Where are the girls with guitars?
Here's one who has traded engineering for a Stratocaster
There are generally two ways to meet Laurie Watters Morvan (BSEE '84) if you're ever in southern California. One is to enroll in her applied mathematics class. Another is to hang out at the nearest blues club, where sooner or later she's bound to show up with her electric guitar and maybe blow the roof off the place.
Though Morvan leads a double life as college instructor and blues band leader, there's no doubt where her true love lies. Through grit and devotion, she's forged a sound that draws comparisons to musical legends such as Stevie Ray Vaughan and Bonnie Raitt. Morvan and her band perform on nights, weekends, and all summer - all while maintaining lofty standards at her day job at Cypress College in southern California. She loves her music too much to support it by lowly jobs or half-measures.
"If I'm going to do something that takes me away from music, then it's going to be something that helps people," she said. "At least I'm going in and helping people achieve their dreams."
Morvan, 48, knows about chasing dreams. Ever since she picked up a guitar as a young woman, she's considered the instrument the "most wonderful thing that ever existed" and built her life around playing it. After studying electrical engineering at the University of Illinois, Morvan picked up an engineering job in California in order to move closer to the music scene. After a couple of years, the Illinois native quit engineering to start playing in cover bands full time - once performing 32 nights in a row - before earning a master's degree and a teaching job to finance a shot at recording. Since 1997, the Laurie Morvan Band has released three CDs (the first under the name of Backroad Shack).
She's still confronted with the old attitude that electric guitars are a man's plaything, but Morvan overwhelms doubters with characteristic style. When she played volleyball at the U of I, Morvan, at 5 feet 10 inches, was short for a middle hitter, but she made up for it with athleticism and passion, earning the team's MVP award. Along the way, she earned her pilot's license and graduated in the top quarter of her class.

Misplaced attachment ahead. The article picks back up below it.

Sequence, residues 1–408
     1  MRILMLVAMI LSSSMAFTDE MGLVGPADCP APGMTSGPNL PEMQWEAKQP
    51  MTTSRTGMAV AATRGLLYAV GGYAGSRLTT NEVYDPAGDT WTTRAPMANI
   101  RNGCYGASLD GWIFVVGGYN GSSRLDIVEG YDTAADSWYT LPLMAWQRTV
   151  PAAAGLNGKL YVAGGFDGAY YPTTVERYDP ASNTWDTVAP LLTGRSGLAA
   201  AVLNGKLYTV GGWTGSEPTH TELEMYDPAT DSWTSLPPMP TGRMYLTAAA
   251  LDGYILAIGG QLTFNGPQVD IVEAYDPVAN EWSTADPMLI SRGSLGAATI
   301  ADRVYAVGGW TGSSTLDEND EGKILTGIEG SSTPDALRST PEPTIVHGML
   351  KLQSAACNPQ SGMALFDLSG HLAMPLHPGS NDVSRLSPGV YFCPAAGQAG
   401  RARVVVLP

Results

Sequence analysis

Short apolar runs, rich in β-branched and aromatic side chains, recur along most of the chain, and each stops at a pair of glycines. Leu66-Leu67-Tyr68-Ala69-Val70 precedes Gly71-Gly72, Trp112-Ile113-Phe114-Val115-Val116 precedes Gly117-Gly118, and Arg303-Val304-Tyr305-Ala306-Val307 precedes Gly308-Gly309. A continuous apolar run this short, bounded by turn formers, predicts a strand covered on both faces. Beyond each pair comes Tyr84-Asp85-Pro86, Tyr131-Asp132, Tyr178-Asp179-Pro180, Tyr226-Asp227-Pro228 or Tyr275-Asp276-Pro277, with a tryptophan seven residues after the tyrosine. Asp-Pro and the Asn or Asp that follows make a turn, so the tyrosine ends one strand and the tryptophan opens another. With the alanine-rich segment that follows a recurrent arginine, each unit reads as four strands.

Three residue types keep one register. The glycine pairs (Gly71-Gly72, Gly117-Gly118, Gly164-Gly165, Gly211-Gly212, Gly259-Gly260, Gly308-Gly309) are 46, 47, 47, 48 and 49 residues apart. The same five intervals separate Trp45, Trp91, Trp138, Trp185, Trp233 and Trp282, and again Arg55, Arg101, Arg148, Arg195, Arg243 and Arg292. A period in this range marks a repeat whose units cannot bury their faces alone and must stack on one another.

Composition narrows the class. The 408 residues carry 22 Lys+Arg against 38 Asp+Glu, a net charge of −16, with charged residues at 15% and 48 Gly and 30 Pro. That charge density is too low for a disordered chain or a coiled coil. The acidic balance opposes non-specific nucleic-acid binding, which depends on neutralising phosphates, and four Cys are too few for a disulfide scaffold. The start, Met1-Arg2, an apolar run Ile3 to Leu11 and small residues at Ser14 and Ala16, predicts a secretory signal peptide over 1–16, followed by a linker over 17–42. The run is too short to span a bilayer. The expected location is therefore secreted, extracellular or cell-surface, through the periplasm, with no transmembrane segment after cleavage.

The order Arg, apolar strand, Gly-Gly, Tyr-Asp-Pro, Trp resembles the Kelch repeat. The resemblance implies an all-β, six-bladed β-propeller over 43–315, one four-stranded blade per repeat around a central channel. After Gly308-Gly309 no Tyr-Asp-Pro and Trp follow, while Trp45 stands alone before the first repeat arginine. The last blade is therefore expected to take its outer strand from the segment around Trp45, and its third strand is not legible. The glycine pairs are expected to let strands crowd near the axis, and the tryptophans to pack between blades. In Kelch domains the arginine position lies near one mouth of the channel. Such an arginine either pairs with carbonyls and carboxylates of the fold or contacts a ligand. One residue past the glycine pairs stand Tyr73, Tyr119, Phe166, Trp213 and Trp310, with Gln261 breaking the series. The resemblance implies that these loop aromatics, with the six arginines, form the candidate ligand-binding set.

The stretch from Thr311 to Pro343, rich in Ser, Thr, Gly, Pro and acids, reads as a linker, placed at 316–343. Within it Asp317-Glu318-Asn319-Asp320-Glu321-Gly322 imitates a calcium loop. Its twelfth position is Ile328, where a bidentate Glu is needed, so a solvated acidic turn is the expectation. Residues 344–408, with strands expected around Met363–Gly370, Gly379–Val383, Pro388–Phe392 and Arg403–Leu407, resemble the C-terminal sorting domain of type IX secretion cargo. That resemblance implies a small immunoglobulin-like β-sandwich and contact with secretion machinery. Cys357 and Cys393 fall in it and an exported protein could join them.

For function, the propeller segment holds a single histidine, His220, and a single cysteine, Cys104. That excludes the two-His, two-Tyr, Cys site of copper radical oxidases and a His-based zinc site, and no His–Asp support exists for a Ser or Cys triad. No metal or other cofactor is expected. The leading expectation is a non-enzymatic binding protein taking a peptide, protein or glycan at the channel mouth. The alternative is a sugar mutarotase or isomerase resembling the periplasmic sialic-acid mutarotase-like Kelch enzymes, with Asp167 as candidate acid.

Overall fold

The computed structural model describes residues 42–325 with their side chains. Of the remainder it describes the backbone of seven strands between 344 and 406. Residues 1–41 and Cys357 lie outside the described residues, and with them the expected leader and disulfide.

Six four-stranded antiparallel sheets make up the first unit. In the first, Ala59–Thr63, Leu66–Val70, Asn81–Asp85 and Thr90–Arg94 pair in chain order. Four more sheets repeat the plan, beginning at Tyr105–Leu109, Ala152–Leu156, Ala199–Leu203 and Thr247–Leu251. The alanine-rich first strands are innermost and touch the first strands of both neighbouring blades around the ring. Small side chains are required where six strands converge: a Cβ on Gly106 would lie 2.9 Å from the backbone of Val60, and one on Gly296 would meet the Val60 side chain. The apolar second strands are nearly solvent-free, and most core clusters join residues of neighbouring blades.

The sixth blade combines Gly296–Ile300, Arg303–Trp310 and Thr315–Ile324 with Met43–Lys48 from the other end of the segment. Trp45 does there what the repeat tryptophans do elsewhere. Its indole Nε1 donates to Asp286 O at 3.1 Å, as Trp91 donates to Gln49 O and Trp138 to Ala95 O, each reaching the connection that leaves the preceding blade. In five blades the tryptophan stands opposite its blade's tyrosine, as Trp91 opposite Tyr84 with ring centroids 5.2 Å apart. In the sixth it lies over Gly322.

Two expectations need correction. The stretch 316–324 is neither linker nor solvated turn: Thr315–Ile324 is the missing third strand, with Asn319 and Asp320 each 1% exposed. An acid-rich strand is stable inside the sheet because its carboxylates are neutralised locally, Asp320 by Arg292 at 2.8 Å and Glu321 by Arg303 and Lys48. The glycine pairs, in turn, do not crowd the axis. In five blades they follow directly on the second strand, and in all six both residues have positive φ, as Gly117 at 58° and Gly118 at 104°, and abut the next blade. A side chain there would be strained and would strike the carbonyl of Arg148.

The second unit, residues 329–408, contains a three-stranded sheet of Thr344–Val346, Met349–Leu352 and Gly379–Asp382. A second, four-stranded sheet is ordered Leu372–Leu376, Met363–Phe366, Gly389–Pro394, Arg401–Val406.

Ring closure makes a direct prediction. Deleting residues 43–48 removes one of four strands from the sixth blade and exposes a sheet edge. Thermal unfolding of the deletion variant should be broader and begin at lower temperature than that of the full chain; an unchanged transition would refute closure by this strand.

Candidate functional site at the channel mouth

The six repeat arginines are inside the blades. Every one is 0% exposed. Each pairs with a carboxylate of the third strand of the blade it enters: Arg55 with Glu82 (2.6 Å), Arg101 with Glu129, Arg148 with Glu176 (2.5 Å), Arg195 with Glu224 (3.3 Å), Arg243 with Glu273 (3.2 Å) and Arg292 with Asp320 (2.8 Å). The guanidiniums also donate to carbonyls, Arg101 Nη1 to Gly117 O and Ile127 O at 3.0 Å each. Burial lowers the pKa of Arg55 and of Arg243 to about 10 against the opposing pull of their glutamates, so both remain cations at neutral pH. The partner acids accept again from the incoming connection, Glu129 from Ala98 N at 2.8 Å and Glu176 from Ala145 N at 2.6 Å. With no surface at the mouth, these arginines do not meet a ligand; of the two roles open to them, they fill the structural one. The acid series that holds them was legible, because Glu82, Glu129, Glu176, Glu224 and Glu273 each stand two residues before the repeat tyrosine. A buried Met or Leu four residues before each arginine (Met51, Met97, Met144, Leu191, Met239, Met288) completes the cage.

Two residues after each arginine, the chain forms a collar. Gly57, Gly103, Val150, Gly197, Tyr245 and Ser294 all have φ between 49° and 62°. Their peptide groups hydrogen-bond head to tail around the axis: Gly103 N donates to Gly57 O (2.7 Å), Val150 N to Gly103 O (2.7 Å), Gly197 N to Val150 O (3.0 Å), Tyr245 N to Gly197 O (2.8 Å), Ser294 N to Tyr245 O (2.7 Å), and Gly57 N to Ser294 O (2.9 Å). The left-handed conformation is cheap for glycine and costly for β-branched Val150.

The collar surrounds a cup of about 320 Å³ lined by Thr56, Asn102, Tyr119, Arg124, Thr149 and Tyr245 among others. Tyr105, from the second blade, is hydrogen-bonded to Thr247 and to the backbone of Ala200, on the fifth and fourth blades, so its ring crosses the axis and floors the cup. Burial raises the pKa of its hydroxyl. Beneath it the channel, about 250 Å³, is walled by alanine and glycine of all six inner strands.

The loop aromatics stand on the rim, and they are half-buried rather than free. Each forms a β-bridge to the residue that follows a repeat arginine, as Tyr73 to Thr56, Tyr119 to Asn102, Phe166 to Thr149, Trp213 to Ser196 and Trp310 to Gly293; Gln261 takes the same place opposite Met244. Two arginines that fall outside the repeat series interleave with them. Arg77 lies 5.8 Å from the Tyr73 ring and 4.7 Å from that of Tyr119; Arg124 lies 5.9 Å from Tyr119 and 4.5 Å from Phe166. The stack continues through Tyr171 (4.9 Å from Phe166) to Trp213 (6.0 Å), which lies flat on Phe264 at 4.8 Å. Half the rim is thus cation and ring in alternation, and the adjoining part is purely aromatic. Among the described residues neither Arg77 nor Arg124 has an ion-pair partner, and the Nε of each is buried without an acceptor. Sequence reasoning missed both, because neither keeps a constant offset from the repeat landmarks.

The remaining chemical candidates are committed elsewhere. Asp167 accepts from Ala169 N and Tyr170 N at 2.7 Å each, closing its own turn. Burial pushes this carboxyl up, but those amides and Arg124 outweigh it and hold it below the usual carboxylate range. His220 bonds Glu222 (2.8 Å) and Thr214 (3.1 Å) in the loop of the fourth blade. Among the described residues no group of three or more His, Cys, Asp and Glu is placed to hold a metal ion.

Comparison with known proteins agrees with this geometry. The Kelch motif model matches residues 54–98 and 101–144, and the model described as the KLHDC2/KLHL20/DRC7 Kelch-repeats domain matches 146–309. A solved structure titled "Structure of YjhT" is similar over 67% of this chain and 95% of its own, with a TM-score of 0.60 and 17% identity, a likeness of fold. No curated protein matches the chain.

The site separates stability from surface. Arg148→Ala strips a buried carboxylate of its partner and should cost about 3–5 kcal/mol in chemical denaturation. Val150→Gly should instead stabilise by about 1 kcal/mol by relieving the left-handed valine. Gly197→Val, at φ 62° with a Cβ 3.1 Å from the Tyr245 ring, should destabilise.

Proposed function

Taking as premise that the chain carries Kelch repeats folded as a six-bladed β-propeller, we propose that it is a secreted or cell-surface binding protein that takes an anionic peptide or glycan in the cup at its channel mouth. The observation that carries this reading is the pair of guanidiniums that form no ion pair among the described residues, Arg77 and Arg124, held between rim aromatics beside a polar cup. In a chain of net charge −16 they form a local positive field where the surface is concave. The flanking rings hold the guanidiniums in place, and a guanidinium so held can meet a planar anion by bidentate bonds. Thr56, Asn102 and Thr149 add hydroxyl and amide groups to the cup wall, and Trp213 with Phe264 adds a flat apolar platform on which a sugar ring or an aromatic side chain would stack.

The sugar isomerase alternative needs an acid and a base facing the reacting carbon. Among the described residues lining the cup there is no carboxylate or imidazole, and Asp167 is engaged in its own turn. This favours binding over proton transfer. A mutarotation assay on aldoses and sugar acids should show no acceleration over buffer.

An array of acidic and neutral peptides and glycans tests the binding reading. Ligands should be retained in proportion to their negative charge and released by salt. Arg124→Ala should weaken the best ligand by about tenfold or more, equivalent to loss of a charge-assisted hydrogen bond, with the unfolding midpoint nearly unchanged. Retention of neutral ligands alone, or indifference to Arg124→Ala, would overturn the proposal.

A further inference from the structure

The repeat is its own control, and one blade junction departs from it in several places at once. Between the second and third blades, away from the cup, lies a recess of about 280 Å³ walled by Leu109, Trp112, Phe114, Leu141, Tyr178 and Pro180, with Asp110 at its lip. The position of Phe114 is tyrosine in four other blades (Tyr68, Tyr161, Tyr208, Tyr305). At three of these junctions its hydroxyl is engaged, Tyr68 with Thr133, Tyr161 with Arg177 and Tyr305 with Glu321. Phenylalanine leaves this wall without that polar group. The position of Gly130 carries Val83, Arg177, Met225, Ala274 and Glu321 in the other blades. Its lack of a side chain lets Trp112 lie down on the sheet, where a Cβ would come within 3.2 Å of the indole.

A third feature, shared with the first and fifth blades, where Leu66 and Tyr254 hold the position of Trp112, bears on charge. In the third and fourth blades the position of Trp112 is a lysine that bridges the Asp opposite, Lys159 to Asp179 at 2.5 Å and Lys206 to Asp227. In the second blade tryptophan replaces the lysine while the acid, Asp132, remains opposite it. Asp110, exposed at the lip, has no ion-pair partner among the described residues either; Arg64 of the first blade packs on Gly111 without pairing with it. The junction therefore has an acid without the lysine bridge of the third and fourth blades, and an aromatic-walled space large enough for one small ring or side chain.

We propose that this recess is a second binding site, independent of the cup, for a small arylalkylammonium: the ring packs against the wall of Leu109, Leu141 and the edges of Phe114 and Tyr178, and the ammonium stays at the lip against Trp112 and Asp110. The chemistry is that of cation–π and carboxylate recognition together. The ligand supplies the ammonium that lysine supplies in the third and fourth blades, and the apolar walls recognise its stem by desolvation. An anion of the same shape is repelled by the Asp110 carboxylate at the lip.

Coach Don Hardin ('84) recalls how Morvan broke out her guitar and led the team in song during road trips. A blues fan, Hardin now has all of Morvan's CDs, and he recently watched her perform when she visited Champaign. "She plays the guitar like an athlete," Hardin said. "It's a very physical performance." Morvan has been known to leap on bar counters and let loose fiery solos on her 1956 reissue Fender Stratocaster. "I feel the vibe," she said. "Fortunately, I have a great band that can follow me wherever I take them. I'll make a left turn in the song, and the band just follows right along with me."
Morvan writes all of her songs, tapping into her own reflections and vulnerabilities for numbers ranging from the raucous "Kickin' Down Doors" to the disappointed "Where Are the Girls with Guitars?" to the sentimental "Family Line," which describes regret over never having had a child. "My albums cover the whole spectrum of happy to sad to mad and celebration and heartbreak," she said. "The human experience is this unending palette of inspiration."
Songs from her latest CD, Cures What Ails Ya, released in 2007, helped usher the band to the finals of the Blues Foundation 2008 worldwide competition for best self-produced CD. Music reviewers have since spared few adjectives in praising Morvan's talent, and most recently, she was named 2008 Blues Artist on the Rise by the Blues Festival Guide. Morvan, meanwhile, has kept her rising fame in perspective. She knows the key to her success is the same as always. "You just go out and make sure you're great every time you go on stage. That takes care of everything," she said. "You just go out and let your guitar do the talking, and that's how you win people over."